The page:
Desia cottage has been aesthetically designed like a tribal house with a little modification, offering a perfect blend of ethnic living with basic modern comforts. It was constructed by people of Bantalbiri village under guidance of artist, Bidyut Roy from West Bengal, who himself lives in an ethnic house at a Santhal tribal village, says Kar. Made up with clay, the two-room cottage is painted with colourful tribal paintings and decorated with Dokra and Terracotta tribal handicrafts. “Designing has deliberately been kept minimal to appeal to all kinds of travelers who are seeking a break from the fast and polluted city life,” says Kar, adding that organic vegetables, fruits and legumes are grown within the campus by villagers in charge of the tourism project. “Only meat and rice are procured from local market while the vegetables used in Desia kitchen are grown within our campus,” says Paana, a woman of Bantalbiri, who works as a cook in Desia.

A porch that opens up to sights of mustard fields and hills
“During our trips to Koraput, we used to camp at Government Inspection Bunglow in Koraput town. One day, watchman of the Inspection Bunglow took us to his village Bantalbiri where we camped with a group of foreign tourists in a small school house. We were touched by the warmth of the villagers and the village became a regular camping place for us. I spoke to the villagers about the community tourism concept and they offered us a land adjacent to the village at a very nominal price to set upDesia,” recalls Kar, who was instrumental in opening a ‘Model Beach’ and ‘Green Rider Rickshaw’ project in Puri four years back. He had received the National Tourism Award-2013 for Model Beach concept under Best Responsible Tourism Initiative category.

After the Desia cottage was ready, five girls and three boys of Bantalbiri village underwent hospitality and business training under the Government sponsored ‘Hunar Se Rozgar’ at Puri. Currently, six men and as many women run every aspect of Desia, except for marketing which is being done by Kar. The project also offers indirect employment to around a 100 other villagers, which includes folk artistes to vegetable farmers. While a majority of the profit share from the project is shared between villagers, some amount is kept for maintenance of the cottage. A Desia Tourism Society has been formed with village heads, elected representatives and Government officials as members, who oversee functioning of the project. 

In future, Kar wants to start a pre-school up to primary level designed on the lines of Awake and Shine School by Rtd General Singh in Kalimpong for children in Bantalbiri and provide skill development training to women of the village in jewellery and pickle making. In fact, construction of the pre-school has already started within Desia campus.

An edited version of this story was published by The New Indian Express.

Wednesday, March 9, 2016

A Dying Flavour of W Odisha

A man preparing Sarsatia in Sambalpur
Sarsatia, a sweet delicacy that was a part of every household in Sambalpur till a few decades back, has today become a rarity. Blame it on the dwindling green cover. Today, only three sweetmeat shops in Sambalpur prepare Sarsatia which resembles vermicelli and is mildly sweet and crisp.

The base of the sweet is prepared from resin of twigs of a tree locally called 'Ganjer'. A batter is made by mixing the resin with water, powder of raw rice (Arua) and sugar. The batter is fried in the shape of vermicelli.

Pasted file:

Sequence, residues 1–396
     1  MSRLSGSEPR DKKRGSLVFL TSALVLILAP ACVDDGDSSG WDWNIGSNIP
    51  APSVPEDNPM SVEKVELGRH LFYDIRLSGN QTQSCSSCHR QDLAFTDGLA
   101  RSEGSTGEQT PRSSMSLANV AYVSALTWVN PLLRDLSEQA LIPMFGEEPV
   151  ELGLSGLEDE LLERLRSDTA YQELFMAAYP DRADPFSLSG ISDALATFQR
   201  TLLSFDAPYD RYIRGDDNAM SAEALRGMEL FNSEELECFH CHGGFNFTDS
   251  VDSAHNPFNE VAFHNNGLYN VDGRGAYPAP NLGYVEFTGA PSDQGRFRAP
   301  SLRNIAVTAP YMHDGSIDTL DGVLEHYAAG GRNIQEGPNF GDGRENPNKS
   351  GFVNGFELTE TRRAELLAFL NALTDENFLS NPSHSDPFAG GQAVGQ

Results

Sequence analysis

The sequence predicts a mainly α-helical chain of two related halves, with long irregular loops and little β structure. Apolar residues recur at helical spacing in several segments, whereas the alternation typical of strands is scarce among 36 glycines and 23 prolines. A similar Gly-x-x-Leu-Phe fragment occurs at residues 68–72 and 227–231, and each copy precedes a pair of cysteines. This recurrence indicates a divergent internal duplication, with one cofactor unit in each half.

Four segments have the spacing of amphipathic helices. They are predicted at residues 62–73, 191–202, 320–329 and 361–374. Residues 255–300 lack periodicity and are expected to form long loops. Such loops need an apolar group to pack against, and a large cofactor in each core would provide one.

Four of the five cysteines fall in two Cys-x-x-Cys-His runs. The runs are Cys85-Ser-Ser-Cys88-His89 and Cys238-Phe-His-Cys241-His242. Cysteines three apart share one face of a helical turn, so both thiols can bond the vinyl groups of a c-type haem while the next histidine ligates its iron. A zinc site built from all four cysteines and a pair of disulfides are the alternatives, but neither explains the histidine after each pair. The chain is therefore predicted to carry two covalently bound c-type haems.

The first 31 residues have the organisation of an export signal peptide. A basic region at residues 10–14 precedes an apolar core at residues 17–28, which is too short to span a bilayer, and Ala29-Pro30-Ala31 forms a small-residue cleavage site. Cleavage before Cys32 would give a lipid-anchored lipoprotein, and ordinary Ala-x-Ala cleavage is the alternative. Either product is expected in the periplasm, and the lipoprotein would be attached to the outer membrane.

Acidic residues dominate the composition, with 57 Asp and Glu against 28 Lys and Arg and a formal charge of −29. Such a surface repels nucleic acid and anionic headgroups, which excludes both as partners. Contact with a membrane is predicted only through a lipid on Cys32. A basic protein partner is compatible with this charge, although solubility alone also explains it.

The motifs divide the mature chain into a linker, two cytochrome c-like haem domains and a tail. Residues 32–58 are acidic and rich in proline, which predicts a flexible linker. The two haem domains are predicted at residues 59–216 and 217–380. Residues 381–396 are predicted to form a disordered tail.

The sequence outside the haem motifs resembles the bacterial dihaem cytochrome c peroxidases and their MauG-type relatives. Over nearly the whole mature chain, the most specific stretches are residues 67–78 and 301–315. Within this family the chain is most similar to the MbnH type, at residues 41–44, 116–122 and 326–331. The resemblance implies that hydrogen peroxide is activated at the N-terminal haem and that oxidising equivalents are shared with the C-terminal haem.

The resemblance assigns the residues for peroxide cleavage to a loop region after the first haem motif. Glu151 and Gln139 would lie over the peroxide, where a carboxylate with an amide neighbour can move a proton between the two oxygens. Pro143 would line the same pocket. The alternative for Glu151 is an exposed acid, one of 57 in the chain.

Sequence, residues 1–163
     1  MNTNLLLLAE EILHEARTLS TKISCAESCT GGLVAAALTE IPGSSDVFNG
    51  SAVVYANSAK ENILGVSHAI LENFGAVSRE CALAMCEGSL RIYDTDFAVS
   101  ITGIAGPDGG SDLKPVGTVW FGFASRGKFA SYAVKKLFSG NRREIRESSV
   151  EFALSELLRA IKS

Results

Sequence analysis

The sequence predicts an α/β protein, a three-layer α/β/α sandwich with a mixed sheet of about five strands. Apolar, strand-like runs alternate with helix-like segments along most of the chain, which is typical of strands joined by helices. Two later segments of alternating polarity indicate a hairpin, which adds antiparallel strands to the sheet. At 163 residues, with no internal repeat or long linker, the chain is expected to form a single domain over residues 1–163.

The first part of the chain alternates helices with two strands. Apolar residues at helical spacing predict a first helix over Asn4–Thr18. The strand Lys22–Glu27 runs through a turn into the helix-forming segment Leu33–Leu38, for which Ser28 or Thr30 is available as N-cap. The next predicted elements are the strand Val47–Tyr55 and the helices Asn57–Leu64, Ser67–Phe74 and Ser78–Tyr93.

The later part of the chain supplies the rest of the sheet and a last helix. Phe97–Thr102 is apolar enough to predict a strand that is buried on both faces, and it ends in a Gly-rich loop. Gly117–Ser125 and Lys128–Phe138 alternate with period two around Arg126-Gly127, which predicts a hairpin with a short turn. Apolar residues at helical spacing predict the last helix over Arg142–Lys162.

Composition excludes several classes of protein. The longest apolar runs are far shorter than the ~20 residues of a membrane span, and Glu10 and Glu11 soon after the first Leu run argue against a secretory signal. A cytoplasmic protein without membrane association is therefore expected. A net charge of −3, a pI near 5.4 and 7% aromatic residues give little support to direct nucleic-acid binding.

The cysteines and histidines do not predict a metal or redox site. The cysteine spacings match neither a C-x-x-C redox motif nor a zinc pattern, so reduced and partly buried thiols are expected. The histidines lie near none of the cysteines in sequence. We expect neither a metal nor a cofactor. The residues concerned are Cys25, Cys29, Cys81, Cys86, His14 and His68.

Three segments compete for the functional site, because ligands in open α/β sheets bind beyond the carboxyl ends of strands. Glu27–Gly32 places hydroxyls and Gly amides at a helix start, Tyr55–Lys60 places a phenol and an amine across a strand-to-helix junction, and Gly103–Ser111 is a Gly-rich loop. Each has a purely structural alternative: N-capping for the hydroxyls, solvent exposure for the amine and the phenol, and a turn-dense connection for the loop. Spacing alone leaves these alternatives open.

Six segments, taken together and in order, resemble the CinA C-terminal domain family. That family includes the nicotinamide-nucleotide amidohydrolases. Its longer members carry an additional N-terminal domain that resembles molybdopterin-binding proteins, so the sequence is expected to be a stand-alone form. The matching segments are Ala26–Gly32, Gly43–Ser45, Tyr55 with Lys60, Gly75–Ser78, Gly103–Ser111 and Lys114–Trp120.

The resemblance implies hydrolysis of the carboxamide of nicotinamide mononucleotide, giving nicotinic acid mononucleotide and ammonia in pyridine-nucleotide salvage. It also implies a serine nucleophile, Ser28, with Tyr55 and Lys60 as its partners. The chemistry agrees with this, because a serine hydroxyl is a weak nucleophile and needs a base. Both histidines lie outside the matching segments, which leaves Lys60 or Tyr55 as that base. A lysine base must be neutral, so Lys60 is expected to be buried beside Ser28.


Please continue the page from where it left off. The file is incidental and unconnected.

Twigs of Ganjer tree are collected from Barapahad hill range. Sources said the decreasing number of Ganjer trees in the hill range has taken a toll on collection of the resin. Earlier a bundle of Ganjer twigs used to cost around `100 but today, it costs between `400 and `500. This has also led to price rise of the sweet. The resin is collected between the months of October and March when due to dew, the twigs ooze the resin. Bark of the twigs are then peeled and fermented in water for five days. The resin gets dissolved in water after which it is strained.

Sarsatia. Pic by Ritu Pattnaik
Narendra Nath Sahu, owner of Sahu Sweets that is more popular as shop of Dina Gudia in Jhaduapada, is one of the three sweetmeat makers who prepare Sarsatia here. "My late grandfather Dinabandhu Sahu and his family started making Sarsatia 120 years back. He had learnt the recipe from a couple Jagat Janani and Sushil Mishra of Jhaduapada. My recipe was passed on to my father Krushna Sahu," said Narendra.
After frying, the vermicelli bundles weighing between 75 gm and 100 gm are sold at `eight to `10 per bundle.

Narendra said the trick of making perfect Sarsatia lies in extraction of the resin and only Arua rice that has been powdered using a 'Dhenki' (locally made wood crusher) is used in the batter. "It gives a distinct flavour to the Sarsatia that can be had with Kheer, milk or even mutton curry," he said.

In villages located in forested areas of the district, Ganjer flowers are used to make pancakes. Sources said flower buds of Ganjer tree are collected. After cleaning, the petals are opened and a batter of Arua rice powder, whole groundnut seeds and jaggery is kept in each of them and the petals are sealed and steamed.

The base of the sweet is prepared from resin of twigs of a tree locally called 'Ganjer'. A batter is made by mixing the resin with water, power of raw rice (Arua) and sugar. The batter is fried in the shape of vermicelli.

Note: The story, written by Ratan K Pani, was first published by The New Indian Express. Here's the link to the original article

I could not find a picture of the Ganjer tree. Will be thankful if anyone can mail it to me at